Hearing access specialists
Hearing access specialists

Winners in the Individual Category of the 2019 Hearing Access Award are listed below.  They were nominated by people with hearing loss for their positive and effective approach towards hearing access.

NOTE:  This year the awards were run jointly with the Forth Valley Hearing Access Forum and so highlight the experiences over the last 12 months of people with hearing loss who live in Forth Valley.  Your group, club or organisation can participate next year – find out more.

WINNER: Anne Brown, chair, Forth Valley U3A

A woman with a framed certificateNominated for her phenomenal support in championing hearing access within Forth Valley U3A and for her empathy and practical action in encouraging Forth Valley U3A to act as an example of good practice to other U3As.

With Anne’s support, Forth Valley U3A has assessed its own hearing access and started to take concrete steps towards improvement. This has included the testing and purchase of high quality portable audio equipment and promoting the need for good microphone use and speaking practices so it is easier for members, especially those with hearing loss, to hear and follow what’s said.

RUNNER UP: David Hamilton, Meldrum Farm, Blairdrummond

A farmer holds a certificate with black and white cows behind himNominated for his fuss-free and helpful approach to ensuring everyone could adequately hear and follow what he was saying when leading a group of older people with varying levels of hearing on a tour of his farm.

Without having to be reminded or prompted, he checked there was limited noise around and that everyone was close to him before he started speaking. He also made sure everyone could see him and projected his voice so he could be heard. It helped everyone in the group to feel included and to enjoy the visit.

RUNNER UP: Dr Kathleen Brennan, GP, Dunblane Medical Practice

A female doctor holds a certificateNominated for her thought and care in making sure she met the communication needs of a patient with hearing loss, and did so at each appointment without having to be repeatedly prompted or reminded. She made sure to speak with clarity at a moderate volume and pace and that she always looked at the patient when speaking. She also regularly checked that the patient was following things.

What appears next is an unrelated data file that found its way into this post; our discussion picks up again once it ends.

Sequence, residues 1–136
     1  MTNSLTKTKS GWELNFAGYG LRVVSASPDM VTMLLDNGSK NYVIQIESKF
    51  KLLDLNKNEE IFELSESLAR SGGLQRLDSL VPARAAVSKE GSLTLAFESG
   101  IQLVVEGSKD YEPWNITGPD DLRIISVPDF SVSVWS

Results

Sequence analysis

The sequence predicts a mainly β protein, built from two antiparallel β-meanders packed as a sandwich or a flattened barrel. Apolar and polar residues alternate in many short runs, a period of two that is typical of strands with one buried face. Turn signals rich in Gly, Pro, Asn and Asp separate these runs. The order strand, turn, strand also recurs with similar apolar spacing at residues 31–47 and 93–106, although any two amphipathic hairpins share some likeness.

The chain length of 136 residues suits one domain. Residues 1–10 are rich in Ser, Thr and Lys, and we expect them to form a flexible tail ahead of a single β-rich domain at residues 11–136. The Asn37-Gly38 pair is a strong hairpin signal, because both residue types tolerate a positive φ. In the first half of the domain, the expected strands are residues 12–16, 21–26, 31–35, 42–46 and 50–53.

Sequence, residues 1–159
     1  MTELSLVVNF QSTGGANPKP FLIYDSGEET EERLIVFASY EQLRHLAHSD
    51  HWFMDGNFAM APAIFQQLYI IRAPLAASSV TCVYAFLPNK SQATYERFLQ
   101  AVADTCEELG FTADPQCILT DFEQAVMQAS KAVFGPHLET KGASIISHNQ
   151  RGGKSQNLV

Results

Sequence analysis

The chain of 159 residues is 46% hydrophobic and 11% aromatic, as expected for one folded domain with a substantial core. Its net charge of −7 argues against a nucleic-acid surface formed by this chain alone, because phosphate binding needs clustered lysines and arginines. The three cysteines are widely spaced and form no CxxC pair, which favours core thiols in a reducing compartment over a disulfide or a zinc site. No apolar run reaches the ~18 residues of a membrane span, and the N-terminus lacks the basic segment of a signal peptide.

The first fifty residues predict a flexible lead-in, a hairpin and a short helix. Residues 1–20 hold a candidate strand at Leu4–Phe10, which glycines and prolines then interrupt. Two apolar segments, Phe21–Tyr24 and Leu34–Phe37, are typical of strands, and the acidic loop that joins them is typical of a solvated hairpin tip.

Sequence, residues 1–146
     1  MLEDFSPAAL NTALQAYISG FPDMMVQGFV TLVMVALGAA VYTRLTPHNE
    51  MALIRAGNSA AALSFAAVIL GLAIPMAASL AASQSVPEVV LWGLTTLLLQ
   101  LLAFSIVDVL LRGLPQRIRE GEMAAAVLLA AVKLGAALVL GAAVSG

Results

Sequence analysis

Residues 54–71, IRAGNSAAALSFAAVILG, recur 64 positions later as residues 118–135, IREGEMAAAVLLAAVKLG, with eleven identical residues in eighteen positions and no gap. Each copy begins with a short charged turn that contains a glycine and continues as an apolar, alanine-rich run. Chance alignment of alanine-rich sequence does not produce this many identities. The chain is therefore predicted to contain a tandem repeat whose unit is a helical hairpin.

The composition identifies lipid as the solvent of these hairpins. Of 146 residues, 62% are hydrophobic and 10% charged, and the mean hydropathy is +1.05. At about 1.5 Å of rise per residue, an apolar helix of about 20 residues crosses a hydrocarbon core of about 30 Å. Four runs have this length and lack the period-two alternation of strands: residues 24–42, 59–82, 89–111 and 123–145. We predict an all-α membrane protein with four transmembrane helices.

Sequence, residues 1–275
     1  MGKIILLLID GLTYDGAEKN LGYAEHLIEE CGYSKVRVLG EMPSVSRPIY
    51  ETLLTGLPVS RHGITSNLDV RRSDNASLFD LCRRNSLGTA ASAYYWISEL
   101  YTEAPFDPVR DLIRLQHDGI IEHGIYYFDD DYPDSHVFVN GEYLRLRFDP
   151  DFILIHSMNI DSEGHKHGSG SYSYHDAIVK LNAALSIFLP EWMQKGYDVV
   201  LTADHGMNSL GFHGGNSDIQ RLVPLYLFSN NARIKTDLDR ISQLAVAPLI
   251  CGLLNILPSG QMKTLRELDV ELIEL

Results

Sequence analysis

These small, practical steps reduced the effort involved in hearing, following and remembering what was said in the appointment and therefore significantly reduced the patient’s anxiety about attending appointments.

COMMENDED: Bob Kirk, Board Member, Forth Valley U3A

Nominated for his valuable efforts in encouraging Forth Valley U3A Activity and Group Leaders to engage in opportunities to learn about hearing access so there is more awareness about hearing and deafness issues impacting on participation and enjoyment and more knowledge of how to ensure that all members can participate in and enjoy Forth Valley U3A meetings and activities, whatever their hearing is like.

COMMENDED: Lee Stevenson, Stirlingshire Voluntary Enterprise

A woman with a certificateNominated for her pro-active and helpful approach in meeting the communication needs of a service user with hearing loss. When delivering an all-day workshop that involved talking through a lot of detailed information, she took care to ensure that a participant, who she knew to have hearing loss, was able to hear and follow adequality. She did this discretely and appropriately, so as to not to call attention to the participant or to impact on their dignity. The participant was able to participate fully and had a positive and enjoyable learning experience.

COMMENDED: Laura Stuart, Staff member, Tesco Dunblane

A woman holds a certificate in a Tesco store at the flower sectionNominated for her pro-active and helpful approach towards meeting the communication needs of a customer with hearing loss. She was exemplary in the way she engaged with the customer, making sure she looked at them and spoke clearly, and checking that the hearing loop was working well. She even used some basic sign language when she saw that the customer could use it. As a result, the customer had a very positive and enjoyable shopping experience and felt valued.

See Winners of Organisation Category

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